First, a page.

Percutaneous core biopsy of small renal mass lesions: a diagnostic tool to better stratify patients for surgical intervention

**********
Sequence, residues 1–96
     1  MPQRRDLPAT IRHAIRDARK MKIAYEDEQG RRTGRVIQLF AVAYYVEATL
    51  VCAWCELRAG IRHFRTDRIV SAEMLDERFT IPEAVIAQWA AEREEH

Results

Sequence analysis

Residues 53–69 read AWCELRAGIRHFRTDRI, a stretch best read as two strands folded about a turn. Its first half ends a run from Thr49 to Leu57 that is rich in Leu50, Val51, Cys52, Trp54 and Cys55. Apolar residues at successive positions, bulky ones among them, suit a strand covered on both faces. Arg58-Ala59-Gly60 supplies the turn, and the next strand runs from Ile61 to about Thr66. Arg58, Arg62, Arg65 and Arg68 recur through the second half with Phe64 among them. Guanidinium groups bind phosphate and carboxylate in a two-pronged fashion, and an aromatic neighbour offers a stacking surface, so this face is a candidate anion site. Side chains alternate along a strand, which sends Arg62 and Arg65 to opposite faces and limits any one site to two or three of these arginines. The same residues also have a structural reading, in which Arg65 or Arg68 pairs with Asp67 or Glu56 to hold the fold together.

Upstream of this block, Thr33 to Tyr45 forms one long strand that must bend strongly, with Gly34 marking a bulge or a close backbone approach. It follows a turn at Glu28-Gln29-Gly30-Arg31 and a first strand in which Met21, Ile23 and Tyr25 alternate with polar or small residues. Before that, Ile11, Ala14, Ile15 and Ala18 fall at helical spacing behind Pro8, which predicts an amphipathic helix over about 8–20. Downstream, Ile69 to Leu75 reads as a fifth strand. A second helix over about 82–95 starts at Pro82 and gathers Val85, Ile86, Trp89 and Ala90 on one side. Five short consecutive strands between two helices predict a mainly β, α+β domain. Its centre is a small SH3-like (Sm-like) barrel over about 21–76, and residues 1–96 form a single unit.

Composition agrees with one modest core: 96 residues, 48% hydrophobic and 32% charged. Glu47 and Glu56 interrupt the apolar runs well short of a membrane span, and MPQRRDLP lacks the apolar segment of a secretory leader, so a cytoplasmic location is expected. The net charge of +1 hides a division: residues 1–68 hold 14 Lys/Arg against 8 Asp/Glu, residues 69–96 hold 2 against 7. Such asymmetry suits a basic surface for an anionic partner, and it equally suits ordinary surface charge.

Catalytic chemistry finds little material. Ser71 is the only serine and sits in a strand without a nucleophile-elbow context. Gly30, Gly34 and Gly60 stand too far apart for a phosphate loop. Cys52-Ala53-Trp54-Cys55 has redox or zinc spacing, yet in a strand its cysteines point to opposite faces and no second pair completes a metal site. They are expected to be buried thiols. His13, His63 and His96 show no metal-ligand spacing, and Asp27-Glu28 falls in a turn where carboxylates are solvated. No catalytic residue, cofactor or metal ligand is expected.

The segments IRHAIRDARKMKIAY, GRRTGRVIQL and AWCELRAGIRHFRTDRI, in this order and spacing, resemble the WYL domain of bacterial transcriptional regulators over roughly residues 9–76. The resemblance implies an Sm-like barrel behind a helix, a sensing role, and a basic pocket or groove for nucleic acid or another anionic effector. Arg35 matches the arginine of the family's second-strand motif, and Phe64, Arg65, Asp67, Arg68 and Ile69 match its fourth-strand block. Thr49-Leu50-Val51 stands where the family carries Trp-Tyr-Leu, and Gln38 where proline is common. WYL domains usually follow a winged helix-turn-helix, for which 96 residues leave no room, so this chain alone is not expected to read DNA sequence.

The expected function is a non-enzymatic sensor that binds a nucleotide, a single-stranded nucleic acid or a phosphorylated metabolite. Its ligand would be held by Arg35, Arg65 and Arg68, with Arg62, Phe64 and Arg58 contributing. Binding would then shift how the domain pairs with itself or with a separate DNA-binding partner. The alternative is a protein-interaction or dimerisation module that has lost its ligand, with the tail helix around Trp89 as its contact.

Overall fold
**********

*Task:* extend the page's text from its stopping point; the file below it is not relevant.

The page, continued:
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OBJECTIVESTo further validate the safety and diagnostic accuracy of percutaneous core biopsy in small renal masses ([SRMs]≤4 cm) in response to the rising prevalence of renal ‘incidentalomas’.To determine the value of percutaneous core biopsy in its ability to influence the choice of intervention or surveillance for the management of SRMs.PATIENTS AND METHODSWe collected data on the incidence of benign, malignant and non-diagnostic samples from 268 SRM (clinical T1a) biopsies performed at our institution between 1998 and 2009.The diagnostic accuracy of biopsy in small renal lesions was examined in cases proceeding to nephrectomy.Follow-up on the remaining non-surgical cases was performed.RESULTSSRMs (≤4 cm, clinical T1a) constituted 59% of all renal lesions diagnosed; 80% of these biopsies were diagnostic and 20% were non-diagnostic.Of the diagnostic samples, 74% were malignant and 26% were benign.Thirty-three percent (17 of the initial 52) non-diagnostic samples underwent re-biopsy, with 94% yielding a histological diagnosis on repeat sampling.Fifty-eight percent of our diagnostic masses underwent nephrectomy, returning a renal biopsy accuracy rate of 100% for identifying lesions as benign or malignant.Of the 98 observed masses, 49% were benign, 28% malignant and 23% were non-diagnostic. In 63% of these cases, size remained stable in the follow-up period.CONCLUSIONSPercutaneous core biopsy continues to provide an accurate and safe tool for preoperative tissue diagnosis of SRMs and should be offered to patients before considering surgical intervention.With regard to both benign and malignant T1a renal lesions, in select patient groups, those electing to undergo observation may expect favourable short- to medium-term outcomes.

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